the accounting department and internal auditor were largely identified as the department or person
responsible for such review.

Further adding to the concern within the review process is the level of the reviewers domain experience.
30% of respondents (7/23) reported a minimal level or no domain experience. The reviewers were
stronger in their spreadsheet experience with 61% (14/23) reporting advanced to expert levels. If
respondents utilize the review phase as a compensating control, hoping to catch possible errors made in
the development stage before they would impact the financial reporting process, it is important for
reviewers to have a higher level of domain knowledge than currently reported.

Development Process

The development process and testing process are two areas respondents did not identify as top areas of
concern, selected by even less respondents than the review process. However, based on responses to later
survey questions these are areas more lacking in controls than the review process. 87% of respondents
(27/31) indicated there was no formal development procedure that should be followed when new
spreadsheets for financial reporting are developed. 94% (29/31) stated there was no policy that described
the companys styles, design and documentation standards. Furthermore, 87% of respondents (27/31)
said they did not have a policy to describe the job title or skill requirements of the person responsible for
developing the spreadsheet. For the 13% of respondents who did report having a policy to describe the
job title or skill requirement, all reported the accounting department as the department or person
responsible for ensuring the procedure is followed. The absence of formal development procedures is an
issue, and this coupled with the developers lack of accounting knowledge when creating spreadsheets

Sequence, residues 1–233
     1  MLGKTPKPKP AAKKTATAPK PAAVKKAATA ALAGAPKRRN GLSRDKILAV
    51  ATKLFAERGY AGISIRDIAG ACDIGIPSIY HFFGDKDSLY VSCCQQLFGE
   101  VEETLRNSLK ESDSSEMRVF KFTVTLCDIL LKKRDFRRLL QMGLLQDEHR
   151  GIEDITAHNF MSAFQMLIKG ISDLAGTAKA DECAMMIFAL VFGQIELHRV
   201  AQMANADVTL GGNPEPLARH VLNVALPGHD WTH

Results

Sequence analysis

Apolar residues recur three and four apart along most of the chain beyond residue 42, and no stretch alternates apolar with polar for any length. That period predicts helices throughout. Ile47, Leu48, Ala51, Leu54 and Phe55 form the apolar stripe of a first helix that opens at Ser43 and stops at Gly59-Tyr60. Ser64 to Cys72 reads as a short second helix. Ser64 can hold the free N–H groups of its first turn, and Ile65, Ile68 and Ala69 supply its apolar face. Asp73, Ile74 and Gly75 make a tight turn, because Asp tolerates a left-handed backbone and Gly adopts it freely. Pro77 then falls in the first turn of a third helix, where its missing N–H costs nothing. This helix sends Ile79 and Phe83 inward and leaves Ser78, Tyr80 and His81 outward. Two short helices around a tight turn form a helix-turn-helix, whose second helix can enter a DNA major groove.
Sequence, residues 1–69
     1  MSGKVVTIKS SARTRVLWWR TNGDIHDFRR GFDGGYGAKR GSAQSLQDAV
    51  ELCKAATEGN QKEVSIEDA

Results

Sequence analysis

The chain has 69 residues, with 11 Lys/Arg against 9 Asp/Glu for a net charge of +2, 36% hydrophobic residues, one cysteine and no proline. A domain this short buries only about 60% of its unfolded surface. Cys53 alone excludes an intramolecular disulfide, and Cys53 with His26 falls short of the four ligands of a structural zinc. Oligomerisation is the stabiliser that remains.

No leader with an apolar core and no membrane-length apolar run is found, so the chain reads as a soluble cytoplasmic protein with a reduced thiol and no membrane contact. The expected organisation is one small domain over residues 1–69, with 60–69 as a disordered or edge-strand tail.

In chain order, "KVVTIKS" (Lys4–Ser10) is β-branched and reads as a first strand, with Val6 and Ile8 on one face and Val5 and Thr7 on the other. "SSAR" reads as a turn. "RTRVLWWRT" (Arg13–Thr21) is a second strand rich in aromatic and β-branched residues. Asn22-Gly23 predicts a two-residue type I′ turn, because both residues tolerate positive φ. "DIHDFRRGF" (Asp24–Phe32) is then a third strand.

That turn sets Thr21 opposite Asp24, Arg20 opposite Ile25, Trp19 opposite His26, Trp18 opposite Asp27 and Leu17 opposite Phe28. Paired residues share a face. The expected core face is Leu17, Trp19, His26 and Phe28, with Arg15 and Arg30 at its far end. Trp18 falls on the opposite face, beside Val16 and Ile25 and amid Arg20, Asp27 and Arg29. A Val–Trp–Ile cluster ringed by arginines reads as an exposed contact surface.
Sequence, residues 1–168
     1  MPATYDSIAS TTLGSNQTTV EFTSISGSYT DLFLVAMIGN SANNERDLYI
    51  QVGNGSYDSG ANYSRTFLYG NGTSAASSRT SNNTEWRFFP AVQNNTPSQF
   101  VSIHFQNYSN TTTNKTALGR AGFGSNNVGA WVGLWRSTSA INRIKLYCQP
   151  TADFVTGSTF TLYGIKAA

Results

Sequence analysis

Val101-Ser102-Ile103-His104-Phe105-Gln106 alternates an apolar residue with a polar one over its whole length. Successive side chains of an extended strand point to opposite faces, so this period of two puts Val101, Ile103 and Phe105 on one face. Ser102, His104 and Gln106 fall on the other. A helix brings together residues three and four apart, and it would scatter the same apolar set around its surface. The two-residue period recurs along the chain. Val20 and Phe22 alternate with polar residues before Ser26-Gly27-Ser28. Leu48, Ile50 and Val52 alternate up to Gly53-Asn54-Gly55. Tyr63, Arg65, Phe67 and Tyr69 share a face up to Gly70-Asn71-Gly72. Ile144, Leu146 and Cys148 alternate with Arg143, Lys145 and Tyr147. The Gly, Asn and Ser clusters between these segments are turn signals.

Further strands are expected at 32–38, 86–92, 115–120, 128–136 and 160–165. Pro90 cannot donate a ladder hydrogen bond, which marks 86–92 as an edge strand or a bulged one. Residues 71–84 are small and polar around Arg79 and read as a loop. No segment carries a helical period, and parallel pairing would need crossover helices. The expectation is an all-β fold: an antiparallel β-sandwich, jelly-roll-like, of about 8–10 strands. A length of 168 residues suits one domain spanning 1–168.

critical for the financial reporting process has the potential to lead to serious errors in output. Our results
indicated the spreadsheet developers domain experience was often weak. 35% of respondents (8/23)
reported minimal or no domain experience while 30% (7/23) reported only a moderate level.

4.3 Current and Future Controls

It is clear from the responses documented in section 4.2 that control weaknesses exist in some areas for a
number of companies. We provided respondents in the longer version of the survey a list of internal
controls and asked them to identify the effective controls or tools currently implemented within their
company. We also asked them to identify those controls or tools they planned to implement in the future.
The results are shown in Table 4.

For current effective internal controls and tools, 7 of the 15 listed were implemented in over half of the
responding companies. 79% stated they have files secured in drives and server folders with limited
access. This indicates respondents have taken measures to limit access to spreadsheets, but as discussed
above they struggle with access controls in the development and usage phases. In addition to limiting
access to the drives and folders, they also keep these areas well organized. 67% of respondents reported
effective controls in logically structured directories and folders for business units, cycles, and type of
Proceedings of EuSpRIG 2011 Conference
Spreadsheet Governance Policy and Practice, ISBN: 978-0-9566256-9-4
Copyright 2011 EuSpRIG ( and the Author(s)

spreadsheets. Consistent with our findings, 63% of respondents report having a formal review process
and 58% also report having input controls to ensure data integrity and a password to update the
spreadsheet. However, independent review groups, required Excel Track Changes, external tools,
developer training and a spreadsheet computing policy stating design standards are some of the controls
and tools used in 25% or fewer of the responding companies.

For those respondents who stated future plans, the number one future control respondents plan to
implement is Excel Track Changes followed by formal review processes. However, the implementation
percentage for any future control was less than 28% for each control. There does not appear to be a
popular control or solution that companies are eager to implement. It is particularly troublesome that both
a spreadsheet computing policy for stating design standards and mandated training for developers are low
in current and planned implementation.
Proceedings of EuSpRIG 2011 Conference
Spreadsheet Governance Policy and Practice, ISBN: 978-0-9566256-9-4
Copyright 2011 EuSpRIG ( and the Author(s)

Table 4 Internal Controls Organizations Considered for Implementation

Percentof Percentof Percentof Percentof
Compani esthat Compani esthat Compani esthat Compani esthat
Currentl yImpl ement Currentl yImpl ement Currentl yImpl ement Currentl yImpl ement
Tool Tool Tool Tool